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Scientists fear for the fragile ecosystem of the Florida Panhandle

BIG LAGOON STATE PARK — Life begins in the marsh and sea grasses that wind along the sandy coastline of this lagoon in Pensacola and others like it along the Florida Panhandle.

These fragile estuaries shelter or nourish many of the Gulf of Mexico's most familiar and important creatures, from black mullet to redfish, blue crabs and brown pelicans.

If oil creeping toward Northwest Florida pushes beyond the barrier island beach in the same consistency of ooze that has tarred Louisiana's delta marsh, scientists fear the impact could be felt for years, maybe decades -- and not just here in this small pocket of wetlands. The effects could potentially ripple across a complex and interconnected Gulf ecosystem that stretches hundreds of miles south into the Florida Keys.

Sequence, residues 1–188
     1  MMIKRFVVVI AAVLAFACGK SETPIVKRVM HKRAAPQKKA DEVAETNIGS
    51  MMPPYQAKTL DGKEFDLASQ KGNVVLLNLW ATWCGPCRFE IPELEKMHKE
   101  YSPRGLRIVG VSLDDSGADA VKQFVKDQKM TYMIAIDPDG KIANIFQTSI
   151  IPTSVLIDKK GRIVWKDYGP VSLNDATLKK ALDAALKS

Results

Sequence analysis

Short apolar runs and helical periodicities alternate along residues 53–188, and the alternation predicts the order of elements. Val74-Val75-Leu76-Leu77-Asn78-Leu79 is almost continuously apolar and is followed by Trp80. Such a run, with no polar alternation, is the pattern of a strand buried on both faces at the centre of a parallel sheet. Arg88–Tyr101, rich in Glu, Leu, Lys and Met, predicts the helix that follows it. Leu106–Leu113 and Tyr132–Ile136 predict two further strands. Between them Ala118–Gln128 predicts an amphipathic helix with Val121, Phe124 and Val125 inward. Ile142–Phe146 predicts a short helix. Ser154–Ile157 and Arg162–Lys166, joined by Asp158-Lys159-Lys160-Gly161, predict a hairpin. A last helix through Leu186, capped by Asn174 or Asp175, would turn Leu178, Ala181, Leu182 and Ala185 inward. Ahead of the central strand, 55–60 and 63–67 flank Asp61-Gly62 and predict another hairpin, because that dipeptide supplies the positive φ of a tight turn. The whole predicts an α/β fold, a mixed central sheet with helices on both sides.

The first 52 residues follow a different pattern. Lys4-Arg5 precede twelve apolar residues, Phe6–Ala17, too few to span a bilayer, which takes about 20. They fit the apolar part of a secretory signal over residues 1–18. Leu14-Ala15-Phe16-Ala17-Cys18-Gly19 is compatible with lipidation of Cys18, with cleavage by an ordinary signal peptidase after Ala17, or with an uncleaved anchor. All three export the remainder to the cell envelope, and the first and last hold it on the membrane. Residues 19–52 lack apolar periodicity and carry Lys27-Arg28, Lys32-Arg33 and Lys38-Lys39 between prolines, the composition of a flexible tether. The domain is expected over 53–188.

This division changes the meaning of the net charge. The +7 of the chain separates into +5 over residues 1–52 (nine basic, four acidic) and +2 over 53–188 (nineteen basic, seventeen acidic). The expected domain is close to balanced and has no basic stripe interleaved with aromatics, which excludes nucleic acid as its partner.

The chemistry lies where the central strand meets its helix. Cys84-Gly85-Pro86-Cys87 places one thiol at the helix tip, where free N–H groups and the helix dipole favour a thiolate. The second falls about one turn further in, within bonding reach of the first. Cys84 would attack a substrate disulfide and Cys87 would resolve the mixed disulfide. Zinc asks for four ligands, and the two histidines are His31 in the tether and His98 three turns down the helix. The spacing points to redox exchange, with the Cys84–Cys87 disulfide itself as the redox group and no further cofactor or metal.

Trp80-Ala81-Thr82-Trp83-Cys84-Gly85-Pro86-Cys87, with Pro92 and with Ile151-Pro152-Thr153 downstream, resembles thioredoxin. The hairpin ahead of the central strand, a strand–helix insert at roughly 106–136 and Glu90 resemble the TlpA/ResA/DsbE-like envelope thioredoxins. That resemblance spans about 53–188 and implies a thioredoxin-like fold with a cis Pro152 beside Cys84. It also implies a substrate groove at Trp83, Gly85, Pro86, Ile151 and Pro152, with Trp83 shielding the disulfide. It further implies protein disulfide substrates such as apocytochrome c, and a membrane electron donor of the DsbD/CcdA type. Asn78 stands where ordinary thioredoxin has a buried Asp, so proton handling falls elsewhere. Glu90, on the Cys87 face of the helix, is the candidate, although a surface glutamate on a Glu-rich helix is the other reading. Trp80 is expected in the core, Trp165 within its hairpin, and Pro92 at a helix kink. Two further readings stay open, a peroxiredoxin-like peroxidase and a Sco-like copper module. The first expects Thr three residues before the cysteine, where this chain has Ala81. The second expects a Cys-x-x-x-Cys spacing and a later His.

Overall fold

``Loss of habitat is the No. 1 fear of every ecologist that studies plants and animals,'' said Taylor ``Chips'' Kirschenfeld, a senior scientist and division manager with Escambia County Water Quality and Land Management. ``Losing habitat will just devastate all these species for many, many years.''

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